Healing when healing doesn’t come

I’ve been considering a talk I’m giving on Sunday about healing. It’s a challenging consideration as I wonder how to approach this, especially along the lines of grief and being hope free. Currently, I am sitting with two different aspects of healing. They are real, I would guess, to each of us, and they are connected. I’ll shoot a few arrows up and see if they land by the end or if they make sense. If not, that’s ok… maybe after a week’s time or maybe at some point before the end of your life.

The first aspect is that healing happens and it doesn’t happen, and often we don’t know why. Often healing happens to those who have done everything “wrong” and it doesn’t happen for those who have done everything “right.” Now I’m tempted to throw the whole framework out the window, but it is worth diving into because it is so real for so many people. Jesus says in Matthew 5, “God causes his sun to shine on evil people and good people. He sends rain on those who do right and those who don’t.” I wish he didn’t preface that saying with “You will be children of your Father who is in heaven” because honestly, it doesn’t really make me want to have that kind of father. The truth is there, though. The sun… the rain… they are indiscriminate of evil and they are indiscriminate of good. What about the sun that burned so hot, with no rain on so many parts of our country while fires burned homes of so many of our fellow earth brothers and sisters? Indiscriminate. And what about the rains that have fallen on Texas and Florida and all the destruction that was wrought there? Iniscriminate. And what about the rain that fell on the people in Las Vegas from the window of the Mandalay Bay hotel? Indiscriminate. And what about the drip, drip, drip of the medications that have no effect on people I see every day in the hospital. Again… whether they do right or whether they don’t. It doesn’t seem to make a difference.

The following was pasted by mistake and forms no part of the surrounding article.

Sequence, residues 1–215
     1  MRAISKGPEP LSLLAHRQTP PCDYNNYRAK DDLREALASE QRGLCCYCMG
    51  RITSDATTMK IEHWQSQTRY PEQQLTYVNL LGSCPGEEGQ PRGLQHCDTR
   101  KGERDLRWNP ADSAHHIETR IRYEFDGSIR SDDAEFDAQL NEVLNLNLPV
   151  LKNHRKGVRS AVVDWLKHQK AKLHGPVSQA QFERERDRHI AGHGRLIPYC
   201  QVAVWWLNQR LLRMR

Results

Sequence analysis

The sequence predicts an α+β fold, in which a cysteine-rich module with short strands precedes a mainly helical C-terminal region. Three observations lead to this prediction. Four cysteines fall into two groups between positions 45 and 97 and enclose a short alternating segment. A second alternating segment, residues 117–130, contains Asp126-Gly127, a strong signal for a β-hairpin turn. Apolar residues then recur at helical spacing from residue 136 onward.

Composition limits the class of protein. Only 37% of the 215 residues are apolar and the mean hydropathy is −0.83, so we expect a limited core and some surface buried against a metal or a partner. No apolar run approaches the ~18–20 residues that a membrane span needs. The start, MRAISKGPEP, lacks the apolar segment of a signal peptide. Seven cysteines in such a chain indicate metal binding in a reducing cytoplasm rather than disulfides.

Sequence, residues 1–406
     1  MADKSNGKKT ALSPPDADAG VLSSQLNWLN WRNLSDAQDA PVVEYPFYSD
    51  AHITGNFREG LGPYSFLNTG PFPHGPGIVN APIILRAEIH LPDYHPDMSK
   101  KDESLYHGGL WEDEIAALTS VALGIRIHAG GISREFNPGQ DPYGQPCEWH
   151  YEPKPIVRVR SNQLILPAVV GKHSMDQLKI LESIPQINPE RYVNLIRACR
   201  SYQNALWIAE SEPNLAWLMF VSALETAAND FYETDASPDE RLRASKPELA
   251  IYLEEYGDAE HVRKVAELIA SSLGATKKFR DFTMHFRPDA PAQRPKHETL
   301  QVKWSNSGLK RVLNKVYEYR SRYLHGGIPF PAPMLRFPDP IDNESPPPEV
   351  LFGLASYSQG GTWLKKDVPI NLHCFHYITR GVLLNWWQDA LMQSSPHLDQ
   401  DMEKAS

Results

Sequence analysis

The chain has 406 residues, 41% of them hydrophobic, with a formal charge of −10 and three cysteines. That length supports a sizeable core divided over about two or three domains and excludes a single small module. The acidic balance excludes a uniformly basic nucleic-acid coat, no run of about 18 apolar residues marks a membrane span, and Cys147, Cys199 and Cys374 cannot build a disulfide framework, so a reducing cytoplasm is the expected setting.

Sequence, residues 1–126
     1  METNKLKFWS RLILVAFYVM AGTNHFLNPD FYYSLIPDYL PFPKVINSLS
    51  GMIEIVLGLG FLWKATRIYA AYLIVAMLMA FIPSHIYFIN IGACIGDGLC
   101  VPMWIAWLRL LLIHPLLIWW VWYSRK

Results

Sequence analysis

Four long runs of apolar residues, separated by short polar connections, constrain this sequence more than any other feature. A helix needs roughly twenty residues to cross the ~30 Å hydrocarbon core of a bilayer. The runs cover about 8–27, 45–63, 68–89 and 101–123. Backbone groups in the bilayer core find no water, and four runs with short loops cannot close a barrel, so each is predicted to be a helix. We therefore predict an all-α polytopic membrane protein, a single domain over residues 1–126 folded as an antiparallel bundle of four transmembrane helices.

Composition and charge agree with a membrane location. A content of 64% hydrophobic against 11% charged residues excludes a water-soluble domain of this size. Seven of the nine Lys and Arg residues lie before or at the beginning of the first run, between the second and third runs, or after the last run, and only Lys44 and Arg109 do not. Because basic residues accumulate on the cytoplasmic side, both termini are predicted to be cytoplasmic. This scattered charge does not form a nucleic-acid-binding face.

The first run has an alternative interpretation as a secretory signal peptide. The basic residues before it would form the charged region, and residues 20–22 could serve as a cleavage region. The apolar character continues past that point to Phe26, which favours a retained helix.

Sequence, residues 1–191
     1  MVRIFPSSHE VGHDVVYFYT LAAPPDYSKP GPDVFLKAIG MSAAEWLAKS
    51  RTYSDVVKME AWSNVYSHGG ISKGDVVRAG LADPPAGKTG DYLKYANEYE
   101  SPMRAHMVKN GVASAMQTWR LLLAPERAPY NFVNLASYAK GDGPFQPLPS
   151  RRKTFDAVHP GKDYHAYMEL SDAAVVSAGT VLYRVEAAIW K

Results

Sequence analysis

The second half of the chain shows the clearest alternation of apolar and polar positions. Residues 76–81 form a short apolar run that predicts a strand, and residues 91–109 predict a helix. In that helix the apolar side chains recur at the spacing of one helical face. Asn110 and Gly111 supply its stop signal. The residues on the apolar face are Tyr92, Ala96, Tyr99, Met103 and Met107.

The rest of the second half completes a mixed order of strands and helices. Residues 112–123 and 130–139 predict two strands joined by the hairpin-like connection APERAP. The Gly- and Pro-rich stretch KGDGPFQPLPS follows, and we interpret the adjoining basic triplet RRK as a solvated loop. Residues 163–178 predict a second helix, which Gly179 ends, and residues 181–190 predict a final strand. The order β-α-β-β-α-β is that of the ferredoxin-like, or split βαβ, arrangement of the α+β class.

The author of Ecclesiastes writes,  I’ve seen it all in my brief and pointless life—here a good person cut down in the middle of doing good, there a bad person living a long life of sheer evil. So don’t knock yourself out being good, and don’t go overboard being wise. Believe me, you won’t get anything out of it. But don’t press your luck by being bad, either. And don’t be reckless. Why die needlessly?” (I love this version from the Message). So wisdom… over rated. Being good… over rated. Being bad or reckless… over rated.

Mary Oliver seems to have a response.

You do not have to be good.
You do not have to walk on your knees
for a hundred miles through the desert, repenting.
You only have to let the soft animal of your body
love what it loves.
Tell me about your despair, yours, and I will tell you mine.
Meanwhile the world goes on.
Meanwhile the sun and the clear pebbles of the rain
are moving across the landscapes,
over the prairies and the deep trees,
the mountains and the rivers.
Meanwhile the wild geese, high in the clean blue air,
are heading home again.
Whoever you are, no matter how lonely,
the world offers itself to your imagination,
calls to you like the wild geese, harsh and exciting —
over and over announcing your place
in the family of things.